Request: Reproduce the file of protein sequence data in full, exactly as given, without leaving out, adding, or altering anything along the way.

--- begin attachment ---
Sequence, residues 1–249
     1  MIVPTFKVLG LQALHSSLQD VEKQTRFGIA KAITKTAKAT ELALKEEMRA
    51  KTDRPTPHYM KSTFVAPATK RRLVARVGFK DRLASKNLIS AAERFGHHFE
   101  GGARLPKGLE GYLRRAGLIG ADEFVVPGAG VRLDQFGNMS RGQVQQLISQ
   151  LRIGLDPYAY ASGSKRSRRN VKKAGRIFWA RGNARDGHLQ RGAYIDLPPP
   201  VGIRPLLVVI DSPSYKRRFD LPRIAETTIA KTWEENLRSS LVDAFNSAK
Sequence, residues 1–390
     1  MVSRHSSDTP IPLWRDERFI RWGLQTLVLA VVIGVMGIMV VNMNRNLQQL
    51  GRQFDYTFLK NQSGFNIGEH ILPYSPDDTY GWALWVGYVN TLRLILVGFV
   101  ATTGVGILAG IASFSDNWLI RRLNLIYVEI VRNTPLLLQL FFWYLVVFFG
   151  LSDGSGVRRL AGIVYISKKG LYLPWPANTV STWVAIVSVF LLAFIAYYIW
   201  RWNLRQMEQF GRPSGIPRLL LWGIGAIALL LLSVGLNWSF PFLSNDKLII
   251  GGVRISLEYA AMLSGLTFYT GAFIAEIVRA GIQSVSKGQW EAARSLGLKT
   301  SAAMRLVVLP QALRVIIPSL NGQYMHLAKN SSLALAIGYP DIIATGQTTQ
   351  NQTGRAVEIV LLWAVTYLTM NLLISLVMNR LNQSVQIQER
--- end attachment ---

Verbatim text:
Sequence, residues 1–249
     1  MIVPTFKVLG LQALHSSLQD VEKQTRFGIA KAITKTAKAT ELALKEEMRA
    51  KTDRPTPHYM KSTFVAPATK RRLVARVGFK DRLASKNLIS AAERFGHHFE
   101  GGARLPKGLE GYLRRAGLIG ADEFVVPGAG VRLDQFGNMS RGQVQQLISQ
   151  LRIGLDPYAY ASGSKRSRRN VKKAGRIFWA RGNARDGHLQ RGAYIDLPPP
   201  VGIRPLLVVI DSPSYKRRFD LPRIAETTIA KTWEENLRSS LVDAFNSAK
Sequence, residues 1–390
     1  MVSRHSSDTP IPLWRDERFI RWGLQTLVLA VVIGVMGIMV VNMNRNLQQL
    51  GRQFDYTFLK NQSGFNIGEH ILPYSPDDTY GWALWVGYVN TLRLILVGFV
   101  ATTGVGILAG IASFSDNWLI RRLNLIYVEI VRNTPLLLQL FFWYLVVFFG
   151  LSDGSGVRRL AGIVYISKKG LYLPWPANTV STWVAIVSVF LLAFIAYYIW
   201  RWNLRQMEQF GRPSGIPRLL LWGIGAIALL LLSVGLNWSF PFLSNDKLII
   251  GGVRISLEYA AMLSGLTFYT GAFIAEIVRA GIQSVSKGQW EAARSLGLKT
   301  SAAMRLVVLP QALRVIIPSL NGQYMHLAKN SSLALAIGYP DIIATGQTTQ
   351  NQTGRAVEIV LLWAVTYLTM NLLISLVMNR LNQSVQIQER